CURRENT Edinburgh International Festival director Fergus Linehan has, since taking over in 2015, sought to lift the “curse of the Scottish theatre production”. Instead of insisting, as did his predecessors, that Scottish theatre have only one production on the Festival programme, and that it be a world premiere, he has allowed tried-and-tested Caledonian shows to strut their stuff alongside the EIF’s celebrated international work.

However, Scottish world premieres are still a part of the mix, and, as we find with this disappointing, new adaptation of our Makar Jackie Kay’s memoir Red Dust Road, failure remains as painful as ever.

A co-production between the National Theatre of Scotland and Manchester company HOME, the play is the work of adapter Tanika Gupta and director Dawn Walton. Moving back-and-forward in time, it tells the story of Kay’s search for her birth parents: a Scottish mother (a Mormon convert now living in Milton Keynes) and a Nigerian father (whose youthful enthusiasm for wine, women and song has since transferred to evangelical Christianity, in which he has become a pastor in his homeland).

The journeys made by Kay (who is played with care and affection by Sasha Frost) into her roots overflow with emotional implications, not only for her and her birth families, but also for her loving, adoptive parents. As the play unfolds, however, one becomes increasingly dismayed by how little real feeling and, given Kay’s profession, how little poetry the piece has.

Between them, Gupta and Walton have contrived to create a dry-as-a-bone, woefully untheatrical re-telling of what should be a fascinating and captivating tale. Little blame attaches to a talented cast who are required to play a succession of two-dimensional caricatures, such as Kay’s adoptive parents, played by Elaine C Smith and Lewis Howden, whose quaint couthiness sits uncomfortably alongside their avowed communism.

By stark contrast, the startlingly titled Die! Die! Die! Old People Die!, by English theatre company Ridiculusmus, is a gloriously imaginative, darkly comic consideration of ageing and death. Imagine a collaboration between the master of absurdist theatre Eugene Ionesco and the comic genius of Charlie Chaplin and you will have something approximating this exceptional piece, which is written and performed by Jon Haynes and David Woods.

The show is darkly hilarious in its brilliantly realised physical comedy (not least in the opening scene, in which a well-dressed, very frail elderly couple take an eternity to walk to a table). Dangerously funny, scatological, surreal, clever and, ultimately, powerfully humane, it is the finest show I have seen on this year’s Fringe.

Back at the EIF, the Nigerian production Hear Word! Naija Woman Talk True opens a wide window onto the depressing condition of women in Africa’s most populous nation. A work of openly declared agitational propaganda, the piece employs a series of sketches, accompanied by live music, to exhort Nigeria’s 100 million women to stand up for their rights.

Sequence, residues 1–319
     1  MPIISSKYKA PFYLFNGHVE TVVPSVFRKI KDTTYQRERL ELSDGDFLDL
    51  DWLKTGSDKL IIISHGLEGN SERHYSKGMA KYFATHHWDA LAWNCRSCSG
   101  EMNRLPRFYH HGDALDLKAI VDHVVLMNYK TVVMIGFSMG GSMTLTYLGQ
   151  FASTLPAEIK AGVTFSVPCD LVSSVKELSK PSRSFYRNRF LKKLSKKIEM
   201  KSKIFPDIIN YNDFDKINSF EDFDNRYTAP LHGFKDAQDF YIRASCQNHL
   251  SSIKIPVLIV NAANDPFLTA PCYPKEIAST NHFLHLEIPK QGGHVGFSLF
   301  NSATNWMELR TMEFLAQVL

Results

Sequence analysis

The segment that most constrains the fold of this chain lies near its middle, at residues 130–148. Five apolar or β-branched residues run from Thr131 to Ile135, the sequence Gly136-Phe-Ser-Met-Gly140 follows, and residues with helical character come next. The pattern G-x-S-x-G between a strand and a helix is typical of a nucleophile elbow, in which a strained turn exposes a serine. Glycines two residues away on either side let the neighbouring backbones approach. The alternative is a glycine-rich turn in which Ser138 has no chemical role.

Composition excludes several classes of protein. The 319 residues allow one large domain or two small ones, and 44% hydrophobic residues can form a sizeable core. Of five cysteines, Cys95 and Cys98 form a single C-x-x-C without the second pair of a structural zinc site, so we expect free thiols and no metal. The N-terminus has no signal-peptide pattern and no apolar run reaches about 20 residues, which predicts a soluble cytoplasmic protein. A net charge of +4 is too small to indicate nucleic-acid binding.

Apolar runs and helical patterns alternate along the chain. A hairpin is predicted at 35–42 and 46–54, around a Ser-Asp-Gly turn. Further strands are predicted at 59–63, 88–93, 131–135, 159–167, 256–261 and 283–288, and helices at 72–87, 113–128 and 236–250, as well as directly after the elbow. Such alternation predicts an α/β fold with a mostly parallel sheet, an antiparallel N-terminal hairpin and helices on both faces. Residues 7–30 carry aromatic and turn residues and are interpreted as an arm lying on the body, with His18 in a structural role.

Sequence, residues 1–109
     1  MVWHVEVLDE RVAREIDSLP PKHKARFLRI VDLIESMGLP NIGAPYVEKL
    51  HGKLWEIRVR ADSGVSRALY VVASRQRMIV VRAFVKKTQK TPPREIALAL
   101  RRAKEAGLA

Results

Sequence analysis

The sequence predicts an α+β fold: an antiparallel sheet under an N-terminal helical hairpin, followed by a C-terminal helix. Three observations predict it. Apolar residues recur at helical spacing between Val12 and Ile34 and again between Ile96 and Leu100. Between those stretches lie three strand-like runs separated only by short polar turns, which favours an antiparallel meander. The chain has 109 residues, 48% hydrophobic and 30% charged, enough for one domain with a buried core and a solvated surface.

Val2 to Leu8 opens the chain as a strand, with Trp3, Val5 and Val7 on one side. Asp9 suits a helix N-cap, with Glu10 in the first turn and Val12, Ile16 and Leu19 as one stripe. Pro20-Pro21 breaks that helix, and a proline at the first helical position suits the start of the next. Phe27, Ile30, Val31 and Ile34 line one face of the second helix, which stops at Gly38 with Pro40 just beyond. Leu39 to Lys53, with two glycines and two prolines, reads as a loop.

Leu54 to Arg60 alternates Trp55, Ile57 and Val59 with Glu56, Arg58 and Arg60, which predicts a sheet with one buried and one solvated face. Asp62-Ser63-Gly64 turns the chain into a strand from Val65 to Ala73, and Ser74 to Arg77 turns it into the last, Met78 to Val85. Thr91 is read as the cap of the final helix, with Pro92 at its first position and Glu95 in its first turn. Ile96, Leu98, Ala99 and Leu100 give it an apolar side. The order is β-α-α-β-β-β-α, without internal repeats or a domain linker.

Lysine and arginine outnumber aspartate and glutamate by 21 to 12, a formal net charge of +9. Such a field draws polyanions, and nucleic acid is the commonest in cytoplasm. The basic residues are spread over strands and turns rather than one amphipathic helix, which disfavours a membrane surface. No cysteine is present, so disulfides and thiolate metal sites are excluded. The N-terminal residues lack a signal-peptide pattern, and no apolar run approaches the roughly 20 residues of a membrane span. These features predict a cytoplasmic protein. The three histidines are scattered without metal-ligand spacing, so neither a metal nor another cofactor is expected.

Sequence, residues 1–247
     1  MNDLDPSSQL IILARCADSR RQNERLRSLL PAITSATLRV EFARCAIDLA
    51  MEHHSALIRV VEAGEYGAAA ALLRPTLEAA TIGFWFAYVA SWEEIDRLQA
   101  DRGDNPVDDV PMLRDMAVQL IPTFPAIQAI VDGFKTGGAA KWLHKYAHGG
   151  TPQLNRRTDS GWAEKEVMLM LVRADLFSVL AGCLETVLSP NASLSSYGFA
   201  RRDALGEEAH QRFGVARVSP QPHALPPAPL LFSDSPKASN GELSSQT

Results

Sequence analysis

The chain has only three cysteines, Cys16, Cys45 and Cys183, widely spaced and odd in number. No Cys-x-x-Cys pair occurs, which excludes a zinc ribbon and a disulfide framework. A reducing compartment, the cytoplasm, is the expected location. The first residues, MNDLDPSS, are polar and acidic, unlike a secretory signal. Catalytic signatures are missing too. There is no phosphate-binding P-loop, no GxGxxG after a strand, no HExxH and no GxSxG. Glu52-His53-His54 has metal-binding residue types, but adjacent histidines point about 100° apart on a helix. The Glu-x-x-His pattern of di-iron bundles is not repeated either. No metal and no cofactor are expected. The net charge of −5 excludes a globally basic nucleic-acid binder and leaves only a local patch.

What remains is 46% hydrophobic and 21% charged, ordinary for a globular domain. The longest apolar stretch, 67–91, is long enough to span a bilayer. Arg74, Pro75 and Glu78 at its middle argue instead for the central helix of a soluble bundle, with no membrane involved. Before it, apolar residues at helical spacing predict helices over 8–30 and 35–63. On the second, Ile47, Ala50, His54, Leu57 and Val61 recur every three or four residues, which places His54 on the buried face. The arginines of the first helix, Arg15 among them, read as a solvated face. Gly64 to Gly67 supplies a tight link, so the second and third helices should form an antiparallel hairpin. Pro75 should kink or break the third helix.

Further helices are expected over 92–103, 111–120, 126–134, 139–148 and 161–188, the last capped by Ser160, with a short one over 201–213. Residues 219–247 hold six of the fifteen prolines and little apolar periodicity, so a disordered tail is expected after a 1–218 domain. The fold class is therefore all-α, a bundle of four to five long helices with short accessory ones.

It exposes the men who rape, physically assault, grope and oppress women, confident that the law will turn a blind, misogynistic eye to their crimes. However, it also puts in the metaphorical dock the Nigerian women who collude in that oppression through an adherence to “traditional”, conservative social mores. At its most powerful (a girl on an errand is subjected to the attentions of a predatory paedophile; a young, female student screams in anguish after being raped by her boyfriend), the piece speaks to an experience that is appallingly universal.

Praise should be given to Mythos (Festival Theatre, ends today), the trilogy in which Stephen Fry proves himself the most skilful and captivating of storytellers. From the famous tales of Prometheus and Helen of Troy, to Fry’s splendidly accessible-yet-learned re-telling of The Odyssey, it is a delightful celebration of both the narrative imagination of the ancient Greeks and the possibilities of the English language.

More than praise is due for Eugene Onegin (Festival Theatre, run ended). Director Barrie Kosky’s production of Tchaikovsky’s great opera for the Komische Oper Berlin is outstanding in all departments.

However, it is the performance of the romantic heroine Tatyana that is most memorable. In years to come I will, I suspect, tell my grandchildren that I witnessed the great Lithuanian soprano Asmik Grigorian in the early years of her glittering career.

Finally, a few words about Ningali Lawford-Wolf, the excellent indigenous Australian actor, and star of the hit EIF production The Secret River, who has, sadly, died in Edinburgh at the age of just 52. Lawford-Wolf fell ill while playing, and brilliantly, the pivotal role of the narrator in the Sydney Theatre Company’s superb, and deeply significant, production.

I was fortunate to see her one-woman show, Ningali, at the Traverse Theatre in the mid-1990s (a production which has remained vivid in my memory). Australian drama has lost one of its most important actors.

For tour dates for Red Dust Road, visit:

Red Dust Road

Royal Lyceum Theatre

Two stars

Run ended

Touring until September 21

Die! Die! Die! Old People Die!


Five stars

Ends today

Hear Word! Naija Woman Talk True

Royal Lyceum Theatre

Three stars

Ends today